# Confidence Interval Estimate of Mean with a Small Sample

As long as ${\sigma ^2}$ is known, the confidence interval estimate of a population mean can be obtained by the method discussed earlier, provided the sample is large. Even if ${\sigma ^2}$ is not known we could replace it with its unbiased estimate ${S^2}$, defined by
${S^2} = \frac{{\sum {{\left( {{X_i} – \overline X } \right)}^2}}}{{n – 1}}$

The previous method of estimation fails to provide good estimations if the sample size is small (smaller than 30). In such cases, which are quite frequent, we can use the $t$ statistics as defined in previous tutorials.
$t = \frac{{\overline X – \mu }}{{S/\sqrt n }}$

Here  ${S^2} = \frac{{\sum {{\left( {{X_i} – \overline X } \right)}^2}}}{{n – 1}}$

The method of constructing a confidence interval is the same as for large samples, with $Z$ being replaced by $t$. The applications of this statistic, however, presume that the population is approximately bell shaped. A $\left( {1 – \alpha } \right)$ 100% confidence interval estimate for the mean may be obtained as follows:

$\begin{gathered} P\left[ { – {t_{\alpha /2}} < t < {t_{\alpha /2}}} \right] = 1 – \alpha \\ P\left[ { – {t_{\alpha /2}} < \frac{{\overline X – \mu }}{{S/\sqrt n }} < {t_{\alpha /2}}} \right] = 1 – \alpha \\ P\left[ { – {t_{\alpha /2}}\frac{S}{{\sqrt n }} < \overline X – \mu < {t_{\alpha /2}}\frac{S}{{\sqrt n }}} \right] = 1 – \alpha \\ P\left[ { – \overline X – {t_{\alpha /2}}\frac{S}{{\sqrt n }} < – \mu < – \overline X + {t_{\alpha /2}}\frac{S}{{\sqrt n }}} \right] = 1 – \alpha \\ P\left[ {\overline X – {t_{\alpha /2}}\frac{S}{{\sqrt n }} < \mu < \overline X + {t_{\alpha /2}}\frac{S}{{\sqrt n }}} \right] = 1 – \alpha \\ \end{gathered}$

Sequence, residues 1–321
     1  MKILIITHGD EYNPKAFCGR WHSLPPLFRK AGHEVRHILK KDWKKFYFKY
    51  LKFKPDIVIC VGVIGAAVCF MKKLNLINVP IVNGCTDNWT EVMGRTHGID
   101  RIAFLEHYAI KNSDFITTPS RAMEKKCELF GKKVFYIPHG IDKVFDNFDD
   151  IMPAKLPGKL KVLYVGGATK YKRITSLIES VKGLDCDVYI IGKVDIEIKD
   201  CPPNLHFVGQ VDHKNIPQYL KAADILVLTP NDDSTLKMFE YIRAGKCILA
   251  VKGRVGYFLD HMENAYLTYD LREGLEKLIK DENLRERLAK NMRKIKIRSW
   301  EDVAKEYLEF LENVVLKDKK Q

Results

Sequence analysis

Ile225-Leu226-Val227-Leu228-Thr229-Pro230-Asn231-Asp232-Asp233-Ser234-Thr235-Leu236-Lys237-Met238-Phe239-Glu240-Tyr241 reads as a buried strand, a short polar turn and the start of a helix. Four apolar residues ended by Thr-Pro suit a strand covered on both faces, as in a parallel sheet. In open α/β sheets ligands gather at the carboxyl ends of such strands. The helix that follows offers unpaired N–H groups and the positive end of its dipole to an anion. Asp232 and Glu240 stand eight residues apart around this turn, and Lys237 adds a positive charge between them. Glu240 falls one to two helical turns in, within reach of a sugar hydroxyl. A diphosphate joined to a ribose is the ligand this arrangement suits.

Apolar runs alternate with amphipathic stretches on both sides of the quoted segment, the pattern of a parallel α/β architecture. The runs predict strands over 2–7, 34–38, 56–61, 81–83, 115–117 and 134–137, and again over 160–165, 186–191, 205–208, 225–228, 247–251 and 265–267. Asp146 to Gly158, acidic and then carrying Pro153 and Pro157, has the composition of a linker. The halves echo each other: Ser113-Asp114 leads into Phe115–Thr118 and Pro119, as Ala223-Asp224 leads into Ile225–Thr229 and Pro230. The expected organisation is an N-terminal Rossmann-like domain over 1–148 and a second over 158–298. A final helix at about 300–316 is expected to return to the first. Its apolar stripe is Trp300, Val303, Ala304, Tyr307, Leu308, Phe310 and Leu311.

The $\left( {1 – \alpha } \right)$ 100% confidence limits for the means of the population are, therefore, $\overline X \pm {t_{\alpha /2}}\frac{S}{{\sqrt n }}$. As a specific example, the 90% confidence limits may be stated as $\overline X \pm {t_{0.5}}\frac{S}{{\sqrt n }}$.

Here ${t_{0.05}}$ is the value of $t$ from the $t –$ distribution table at 5% level of significance corresponding to the given degrees of freedom $\left( {n – 1} \right)$. For further understanding, let us consider the following practical example.

Example:
A random sample of 19 MBA students scored an average of 60 with a standard deviation score of 15. Construct a 95% confidence interval for the mean of the entire MBA class.

Solution:
Since the sample size is smaller than 30, we will use the $t –$ statistic to construct the required confidence interval. We are provided with
$\begin{gathered} \overline X = 60 \\ S = 15 \\ n = 16\,\,\,\,\,\,\,\,\,\therefore \sqrt n = 4 \\ \end{gathered}$

The degree of freedom $= n – 1 = 16 – 1 = 15$
$\alpha = 0.05\,\,\,\,\,\,\,\,\because \frac{\alpha }{2} = 0.025$

Consulting the $t –$distribution table for 15 degrees of freedom, we have ${t_{0.025}} = 2.131$

Hence, using  formula  $\overline X \pm {t_{\alpha /2}}\frac{S}{{\sqrt n }}$, the 95% confidence limits would be:

Lower Limit
$\begin{gathered} \overline X – {t_{0.025}}\frac{S}{{\sqrt n }} = 60 – 2.131\left( {\frac{{15}}{4}} \right) \\ \,\,\,\,\,\,\,\,\,\,\,\,\,\,\,\,\,\,\,\,\,\,\,\,\,\,\,\,\,\, = 60 – 7.99 = 52\,\,appox \\ \end{gathered}$

Upper Limit
$\overline X + {t_{0.025}}\frac{S}{{\sqrt n }} = 60 – 7.99 = 68\,\,appox$

The true mean score $\mu$, therefore, lies between 52 and 68 with 98% confidence.